Last Thursday, data-center hardware and services provider Brocade Communications Systems (Nasdaq: BRCD) reported first-quarter GAAP earnings of $0.05 per share, down from $0.12 per share a year ago. Revenues came in a bit light at $348 million, up 55% over last year. Such a hefty year-over-year increase would usually be a good sign, but most of that growth was of the disappointing organic variety.

In particular, that boost comes from the fat acquisition of McDATA that closed exactly one year before the end of the just-reported quarter. To give you a sense of scale, Brocade came up with $224 million in revenues in its first quarter of 2007. McDATA's last quarterly report, which ended in October 2006, produced $156 million in revenue. At least from here on out, you should be able to compare year-ago data on a kumquats-to-kumquats basis, rather than guess at the contribution from McDATA.

For the next quarter, management sees between $340 million and $355 million in sales, which is relatively flat compared with this quarter and year over year. GAAP earnings per share should stay about the same as this quarter, at $0.04 to $0.05 per share. An inspiring growth story this ain't.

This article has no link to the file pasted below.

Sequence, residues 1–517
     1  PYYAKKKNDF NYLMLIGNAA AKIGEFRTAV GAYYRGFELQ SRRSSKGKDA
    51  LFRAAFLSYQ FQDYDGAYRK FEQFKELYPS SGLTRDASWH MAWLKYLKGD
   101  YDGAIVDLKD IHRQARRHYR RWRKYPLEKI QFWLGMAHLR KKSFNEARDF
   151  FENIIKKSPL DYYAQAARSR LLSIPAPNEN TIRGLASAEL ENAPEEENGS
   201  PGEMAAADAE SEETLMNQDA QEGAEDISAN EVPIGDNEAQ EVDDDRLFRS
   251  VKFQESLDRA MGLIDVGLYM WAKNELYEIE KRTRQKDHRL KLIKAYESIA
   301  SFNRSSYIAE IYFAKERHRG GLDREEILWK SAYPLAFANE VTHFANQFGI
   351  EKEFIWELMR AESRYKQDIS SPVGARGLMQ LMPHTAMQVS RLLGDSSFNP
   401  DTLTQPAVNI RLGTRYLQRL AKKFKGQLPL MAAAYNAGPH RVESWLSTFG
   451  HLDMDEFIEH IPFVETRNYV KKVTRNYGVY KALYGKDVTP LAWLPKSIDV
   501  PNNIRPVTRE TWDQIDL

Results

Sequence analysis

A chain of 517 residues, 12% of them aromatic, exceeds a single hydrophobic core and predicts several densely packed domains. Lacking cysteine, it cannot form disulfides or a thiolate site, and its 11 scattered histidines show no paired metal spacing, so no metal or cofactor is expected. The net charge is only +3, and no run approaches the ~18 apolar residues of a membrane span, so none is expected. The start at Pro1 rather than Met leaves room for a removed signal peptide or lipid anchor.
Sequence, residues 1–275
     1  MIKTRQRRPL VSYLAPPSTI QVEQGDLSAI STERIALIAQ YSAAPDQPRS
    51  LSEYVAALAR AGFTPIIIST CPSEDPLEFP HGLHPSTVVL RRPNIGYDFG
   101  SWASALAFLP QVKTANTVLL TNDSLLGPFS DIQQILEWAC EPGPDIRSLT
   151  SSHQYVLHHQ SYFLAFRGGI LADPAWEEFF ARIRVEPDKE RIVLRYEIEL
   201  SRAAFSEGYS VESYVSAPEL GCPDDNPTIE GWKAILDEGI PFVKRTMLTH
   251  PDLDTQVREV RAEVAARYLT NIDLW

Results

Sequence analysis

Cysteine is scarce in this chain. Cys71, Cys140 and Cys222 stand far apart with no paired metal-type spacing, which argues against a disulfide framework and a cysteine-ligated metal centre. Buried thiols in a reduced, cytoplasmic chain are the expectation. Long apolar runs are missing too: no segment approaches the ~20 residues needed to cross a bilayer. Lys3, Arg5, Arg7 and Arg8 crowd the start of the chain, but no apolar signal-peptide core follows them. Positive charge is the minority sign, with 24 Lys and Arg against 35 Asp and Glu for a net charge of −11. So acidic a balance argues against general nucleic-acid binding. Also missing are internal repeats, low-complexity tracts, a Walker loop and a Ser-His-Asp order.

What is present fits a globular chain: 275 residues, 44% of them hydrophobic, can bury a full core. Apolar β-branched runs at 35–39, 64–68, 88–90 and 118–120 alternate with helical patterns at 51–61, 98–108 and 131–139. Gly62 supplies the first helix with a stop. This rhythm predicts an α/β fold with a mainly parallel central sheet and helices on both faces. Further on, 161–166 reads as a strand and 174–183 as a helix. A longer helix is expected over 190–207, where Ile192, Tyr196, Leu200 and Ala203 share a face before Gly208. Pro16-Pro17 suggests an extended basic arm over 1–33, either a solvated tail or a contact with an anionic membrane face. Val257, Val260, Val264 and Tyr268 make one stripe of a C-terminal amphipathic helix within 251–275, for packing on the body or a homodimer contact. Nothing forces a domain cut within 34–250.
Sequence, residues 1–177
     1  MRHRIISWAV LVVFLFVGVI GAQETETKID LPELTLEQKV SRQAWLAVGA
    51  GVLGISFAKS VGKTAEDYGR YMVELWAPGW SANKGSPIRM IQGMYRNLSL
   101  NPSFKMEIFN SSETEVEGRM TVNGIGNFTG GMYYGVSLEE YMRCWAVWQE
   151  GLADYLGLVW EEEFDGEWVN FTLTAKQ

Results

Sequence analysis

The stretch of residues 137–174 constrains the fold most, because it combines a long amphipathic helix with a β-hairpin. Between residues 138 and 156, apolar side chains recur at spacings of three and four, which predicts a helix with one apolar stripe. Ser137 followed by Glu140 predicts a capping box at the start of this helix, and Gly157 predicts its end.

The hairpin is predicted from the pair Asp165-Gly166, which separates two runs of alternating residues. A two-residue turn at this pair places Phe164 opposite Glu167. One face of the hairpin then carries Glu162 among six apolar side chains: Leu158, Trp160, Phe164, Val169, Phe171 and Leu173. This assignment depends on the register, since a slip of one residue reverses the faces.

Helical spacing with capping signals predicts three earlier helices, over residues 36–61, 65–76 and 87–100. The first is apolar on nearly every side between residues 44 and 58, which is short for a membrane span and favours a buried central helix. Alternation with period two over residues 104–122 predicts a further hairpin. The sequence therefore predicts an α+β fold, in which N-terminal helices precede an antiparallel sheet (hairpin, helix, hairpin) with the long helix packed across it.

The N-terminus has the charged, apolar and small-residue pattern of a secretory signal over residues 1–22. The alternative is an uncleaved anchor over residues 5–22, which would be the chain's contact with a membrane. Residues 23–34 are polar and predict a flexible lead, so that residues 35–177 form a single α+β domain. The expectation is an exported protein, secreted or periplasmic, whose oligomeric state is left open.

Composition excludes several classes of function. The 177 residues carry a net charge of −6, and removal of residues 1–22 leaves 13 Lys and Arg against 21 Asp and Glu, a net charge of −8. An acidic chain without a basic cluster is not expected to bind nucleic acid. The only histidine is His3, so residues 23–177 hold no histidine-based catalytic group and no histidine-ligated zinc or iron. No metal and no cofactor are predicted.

That's a stark contrast to major competitor Cisco Systems (Nasdaq: CSCO), where storage network systems saw a 30% year-over-year sales boost this past quarter. Emulex (NYSE: ELX) is growing its trailing sales at 20% a year. Only QLogic (Nasdaq: QLGC) among the main rivals appears as stuck in the mud as Brocade over the past year.

Management is talking up growth opportunities fueled by server virtualization and "the quest for efficiency in the data center." Networked storage plays well to both of those demands, so Brocade clearly wants the likes of VMware (NYSE: VMW) and Citrix (Nasdaq: CTXS) to succeed and drive demand for network-attached storage (NAS), storage area networks (SAN), and other acronymous data-access technologies.

Looking at these results and the near-term outlook, I'd say those growth drivers haven't quite kicked in yet. And Brocade's management would agree, noting that only about 5% of all enterprise servers are virtualized right now, with plenty of growth left to achieve.

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Fool contributor Anders Bylund holds no position in any companies discussed here. You can check out Anders' holdings if you like, and Foolish disclosure doesn't really miss being on call 24/7 for server support.